Writing versus blogging: the war rages on (yawn)

 

Writing versus blogging: the war rages on (yawn)Recently that ageing but still ridiculous war about writing and blogging being different, has reared its scabby little head again on the SocMed radar. Let me sketch out the brain-dead battle plans for you…briefly ….

Bloggers in this scenario are people who should not be afraid to write what they think and feel in their blogs without anything more than a lot of unstructured scribbling practice, and if they make mistakes in grammar, spelling and punctuation that doesn’t matter even if such mistakes lead to a less than comprehensible result.

Nowhere, however, does this scenario suggest that you need to get your thinking right before you figure out how to convey it in a blog post, despite the fact that this will reflect your own views and possibly those of your business, too. This is because the only people who complain about such petty things as proper writing are writing snobs who drink vodka-and-tonic and are unsuccessful.

Such humble bloggers cite writers like E L James as prime examples of how bad writing is so OK that it sells millions’ worth. Funny, I thought it was the porn, whips and orgasms. It’s not surprising that you may not notice an overuse of adverbs when you’re indulging in imaginary BDSM.

Writing versus blogging: the war rages on (yawn)Professional writers, the villains in this scenario, apart from bitching about dangling participles and drinking too much vodka (although I don’t know how they can afford it if they’re unsuccessful – see above?) are bullying monsters who try to intimidate talented bloggers by sneering at their supposed inability to string a grammatically correct blog post together. They pontificate and talk down to bloggers in order to crush the latters’
hopes of ever writing anything other than a shopping list.

Now, let’s get a few things straight…

Professional writers do not think it’s OK to write bullshit as long as it‘s grammatically perfect. If they do, they don’t last long in the business.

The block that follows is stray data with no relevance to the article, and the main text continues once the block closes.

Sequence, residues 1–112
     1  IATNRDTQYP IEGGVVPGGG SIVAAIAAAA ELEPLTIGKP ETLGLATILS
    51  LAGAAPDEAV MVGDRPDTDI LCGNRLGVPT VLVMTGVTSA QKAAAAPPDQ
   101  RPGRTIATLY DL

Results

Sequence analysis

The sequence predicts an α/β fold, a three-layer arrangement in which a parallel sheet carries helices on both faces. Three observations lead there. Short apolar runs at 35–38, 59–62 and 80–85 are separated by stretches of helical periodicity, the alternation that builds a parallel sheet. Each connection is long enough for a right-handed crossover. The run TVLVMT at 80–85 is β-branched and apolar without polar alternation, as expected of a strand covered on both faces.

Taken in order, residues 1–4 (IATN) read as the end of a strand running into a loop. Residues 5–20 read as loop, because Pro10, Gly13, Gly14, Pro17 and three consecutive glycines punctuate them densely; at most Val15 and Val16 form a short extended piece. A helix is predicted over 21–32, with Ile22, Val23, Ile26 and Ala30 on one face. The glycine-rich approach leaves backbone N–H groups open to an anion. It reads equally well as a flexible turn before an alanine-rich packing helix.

Bloggers are people who write. Get over it. If they write bullshit, they won’t last long either. If they write good blog posts, they will succeed.

Shame on so-called blogging coaches who deliberately encourage bloggers to feel intimidated by professional writers and writing itself, purely to try to get blogging coaching and mentorship business for themselves. Many new bloggers just need a few simple tips (see below) – and no more.

Writing and blogging actually are not about writing and blogging. They are about sharing ideas, information, entertainment, inspiration, humor, and many other things, via the vehicle of the written word (and sometimes by the spoken word in video or audio).

That, in turn is primarily about thinking.

If you don’t know what you think, you can’t write it, and you can’t share it.

If you can think properly, you can write. Anyone can write. If you don’t think clearly and appropriately, your writing / blogging / journaling / copywriting / scriptwriting / poetry / graffiti will suck. No matter what.

Writing is not rocket science: it’s the means to an end – it’s that vehicle through which to convey and share thoughts.

Grammar, spelling, punctuation and all that also are not rocket science. They are not there to threaten and intimidate poor, innocent bloggers or journal writers, or to be used as whips (sorry E L James) by sadistic professional writers to chastise the multitudes. They are simple tools to be used by everyone.

7 key ways to harness the “writing vehicle” – especially if you normally don’t write much

  1. If you’re unsure of what and how to write for a blog post or any other purpose, don’t sit there in front of a gloomy screen stressing about it. Grab hold of a good old-fashioned notebook and pencil. Go sit somewhere comfortable, and turn off your phone, laptop, IPad, etc. Let the ideas come to you. (NB: there are loads of free resources on the internet to help trigger ideas for blog posts – Google “ideas for blog posts.”) Think through what you  feel about the topic; your own experiences with it; your tips for others to learn from you.